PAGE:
Microdosing cathedrals and the synthetic acoustic environment of the ancient world

17.58, Friday 18 Nov 2022

Archaeoacoustics is the study of what ancient places sounded like. For example: the colosseum in Rome when full and thriving. The archaeology of sound.

There are many examples in Wikipedia’s article on Archaeoacoustics.

For instance, the Mayan pyramid of Kukulkan at Chichen Itza: the pyramid’s stairs give a curious “chirp” echo in respond to a hand clap.

After studying the staircases and analyzing his recordings and sonograms of the echoes, Lubman came back convinced that this was no architectural freak. In his paper, Lubman argued that the design of the staircases was deliberate and that the echo is an ancient recording, coded in stone, of the call of the Maya’s sacred bird, the quetzal.


Cave paintings in northern Finland: the researchers concluded that the cliffs with rock paintings are efficient sound reflectors (Rainio et al., 2018). The sound appears to emanate directly from the painted figures.

That example from this wonderful paper introducing the new discipline of experimental psychoarchaeoacoustics: our focus will be on what led people to paint or engrave rock art at sonorous sites in the distant past. We wish to inquire into perception and emotion in the past related to sound.


Valenzuela, J., D’iaz-Andreu, M., & Escera, C. (2020). Psychology Meets Archaeology: Psychoarchaeoacoustics for Understanding Ancient Minds and Their Relationship to the Sacred. Frontiers in Psychology, 11, 550794.

(Musical instruments made of rock are called lithophones.)


Could ancient sound be frozen unintentionally?

In February 1969, in a humour column in New Scientist:

[A] trowel, like any flat plate, must vibrate in response to sound: thus, drawn over the wet surface by the singing plasterer, it must emboss a gramophone-type recording of his song in the plaster. Once the surface is dry, it may be played back.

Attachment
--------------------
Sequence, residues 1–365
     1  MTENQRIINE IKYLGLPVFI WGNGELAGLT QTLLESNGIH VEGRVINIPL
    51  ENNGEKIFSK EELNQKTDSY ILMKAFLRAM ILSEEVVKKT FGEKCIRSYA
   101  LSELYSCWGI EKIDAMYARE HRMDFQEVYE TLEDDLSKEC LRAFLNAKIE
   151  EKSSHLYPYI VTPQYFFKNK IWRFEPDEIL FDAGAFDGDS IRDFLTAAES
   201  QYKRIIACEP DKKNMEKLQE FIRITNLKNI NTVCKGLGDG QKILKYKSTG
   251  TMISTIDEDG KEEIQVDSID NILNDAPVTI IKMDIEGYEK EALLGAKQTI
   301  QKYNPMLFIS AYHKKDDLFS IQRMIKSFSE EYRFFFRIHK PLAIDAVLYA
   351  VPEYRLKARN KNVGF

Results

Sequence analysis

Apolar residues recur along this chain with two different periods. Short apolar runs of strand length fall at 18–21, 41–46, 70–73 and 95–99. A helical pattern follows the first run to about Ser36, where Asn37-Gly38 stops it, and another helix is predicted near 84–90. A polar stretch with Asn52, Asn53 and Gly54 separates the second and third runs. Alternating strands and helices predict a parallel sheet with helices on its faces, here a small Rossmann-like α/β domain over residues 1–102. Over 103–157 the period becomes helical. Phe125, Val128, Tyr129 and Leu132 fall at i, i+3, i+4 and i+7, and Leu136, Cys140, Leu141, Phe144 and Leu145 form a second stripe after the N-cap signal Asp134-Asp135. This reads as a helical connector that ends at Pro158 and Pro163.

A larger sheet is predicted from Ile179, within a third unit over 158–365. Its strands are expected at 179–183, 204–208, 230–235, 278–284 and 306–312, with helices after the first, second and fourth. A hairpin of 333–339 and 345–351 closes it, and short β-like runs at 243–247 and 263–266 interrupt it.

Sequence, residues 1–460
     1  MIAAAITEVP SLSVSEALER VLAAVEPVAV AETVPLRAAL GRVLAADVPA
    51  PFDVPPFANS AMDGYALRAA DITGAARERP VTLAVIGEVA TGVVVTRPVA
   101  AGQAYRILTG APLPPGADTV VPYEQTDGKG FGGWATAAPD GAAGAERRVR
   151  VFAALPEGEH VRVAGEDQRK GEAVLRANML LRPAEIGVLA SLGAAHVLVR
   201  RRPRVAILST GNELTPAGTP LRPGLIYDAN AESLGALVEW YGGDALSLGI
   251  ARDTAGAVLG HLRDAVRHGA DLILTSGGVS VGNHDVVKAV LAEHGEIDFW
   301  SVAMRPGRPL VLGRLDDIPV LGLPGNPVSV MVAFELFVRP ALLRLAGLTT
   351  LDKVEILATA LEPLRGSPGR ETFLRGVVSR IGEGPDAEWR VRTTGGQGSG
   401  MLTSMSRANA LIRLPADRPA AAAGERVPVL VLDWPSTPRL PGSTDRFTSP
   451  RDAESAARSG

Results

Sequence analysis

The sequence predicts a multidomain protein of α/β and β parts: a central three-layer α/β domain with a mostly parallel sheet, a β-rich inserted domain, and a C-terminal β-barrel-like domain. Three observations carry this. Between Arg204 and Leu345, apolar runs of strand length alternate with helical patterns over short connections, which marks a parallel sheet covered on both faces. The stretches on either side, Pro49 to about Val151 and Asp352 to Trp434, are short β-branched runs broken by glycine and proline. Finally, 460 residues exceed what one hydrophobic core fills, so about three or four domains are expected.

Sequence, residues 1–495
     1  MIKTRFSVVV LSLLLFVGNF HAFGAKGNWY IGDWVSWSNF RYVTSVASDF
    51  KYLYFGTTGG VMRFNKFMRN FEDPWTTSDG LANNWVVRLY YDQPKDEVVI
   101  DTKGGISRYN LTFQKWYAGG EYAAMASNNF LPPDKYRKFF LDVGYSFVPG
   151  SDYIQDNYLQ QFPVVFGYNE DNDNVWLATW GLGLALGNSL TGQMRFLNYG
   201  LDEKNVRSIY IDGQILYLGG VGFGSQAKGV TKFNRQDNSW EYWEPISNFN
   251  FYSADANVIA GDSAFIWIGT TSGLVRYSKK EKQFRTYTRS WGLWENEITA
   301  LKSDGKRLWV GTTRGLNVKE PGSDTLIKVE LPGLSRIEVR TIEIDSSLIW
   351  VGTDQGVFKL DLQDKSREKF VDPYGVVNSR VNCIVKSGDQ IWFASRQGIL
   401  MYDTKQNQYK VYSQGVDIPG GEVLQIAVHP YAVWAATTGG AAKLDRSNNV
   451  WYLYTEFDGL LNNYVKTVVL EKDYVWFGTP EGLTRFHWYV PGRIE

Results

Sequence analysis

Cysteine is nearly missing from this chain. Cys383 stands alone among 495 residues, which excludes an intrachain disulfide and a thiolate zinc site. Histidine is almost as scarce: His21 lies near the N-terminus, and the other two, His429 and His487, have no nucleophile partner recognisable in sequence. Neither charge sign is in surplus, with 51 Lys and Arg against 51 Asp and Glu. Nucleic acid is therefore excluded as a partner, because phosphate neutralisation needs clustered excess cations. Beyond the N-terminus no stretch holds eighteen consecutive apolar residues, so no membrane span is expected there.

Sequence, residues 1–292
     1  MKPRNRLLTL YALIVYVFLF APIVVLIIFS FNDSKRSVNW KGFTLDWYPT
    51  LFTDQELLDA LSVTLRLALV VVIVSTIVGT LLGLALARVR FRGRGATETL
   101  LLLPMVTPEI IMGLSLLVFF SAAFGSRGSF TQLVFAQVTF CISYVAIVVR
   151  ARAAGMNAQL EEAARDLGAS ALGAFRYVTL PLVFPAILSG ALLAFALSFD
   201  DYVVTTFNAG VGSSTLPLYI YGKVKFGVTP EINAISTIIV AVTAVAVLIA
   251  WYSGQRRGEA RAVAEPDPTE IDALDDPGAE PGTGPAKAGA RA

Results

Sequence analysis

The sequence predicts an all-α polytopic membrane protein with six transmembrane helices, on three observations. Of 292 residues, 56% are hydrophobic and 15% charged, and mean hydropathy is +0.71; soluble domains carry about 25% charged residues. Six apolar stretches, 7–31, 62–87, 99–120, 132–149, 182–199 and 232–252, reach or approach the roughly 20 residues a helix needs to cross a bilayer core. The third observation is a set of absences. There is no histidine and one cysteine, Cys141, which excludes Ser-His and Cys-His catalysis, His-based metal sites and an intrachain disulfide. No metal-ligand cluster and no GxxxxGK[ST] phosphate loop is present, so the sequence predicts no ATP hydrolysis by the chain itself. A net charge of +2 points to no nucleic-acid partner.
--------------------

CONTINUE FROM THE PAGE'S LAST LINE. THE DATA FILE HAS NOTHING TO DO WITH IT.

(The column is collected in The Inventions of Daedalus by David Jones, which I have on my shelf.)

And in August 1969, in Proceedings of the IEEE, a letter titled Acoustic Recordings from Antiquity which is completely straight-faced:

With an artist’s brush, paint strokes were applied to the surface of the canvas using “oil” paints involving a variety of plasticities, thicknesses, layers, etc., while martial music was played on the nearby phonograph. Visual examination at low magnification showed that certain strokes had the expected transverse striated appearance. When such strokes, after drying, were gently stroked by the “needle” (small, wooden, spade-like) of the crystal cartridge, at as close to the original stroke speed as possible, short snatches of the original music could be identified. …

This is to record the finding of a spoken word in an oil portrait. The word was “blue” and was located in a blue paint stroke-as if the artist was talking to himself or to the subject.

Bizarrely the author of the letter claims to have written their letter in January 1969, before the Daedelus column, and had it rejected.


There are two good write-ups of this unlikely-but-fun-to-imagine discovery: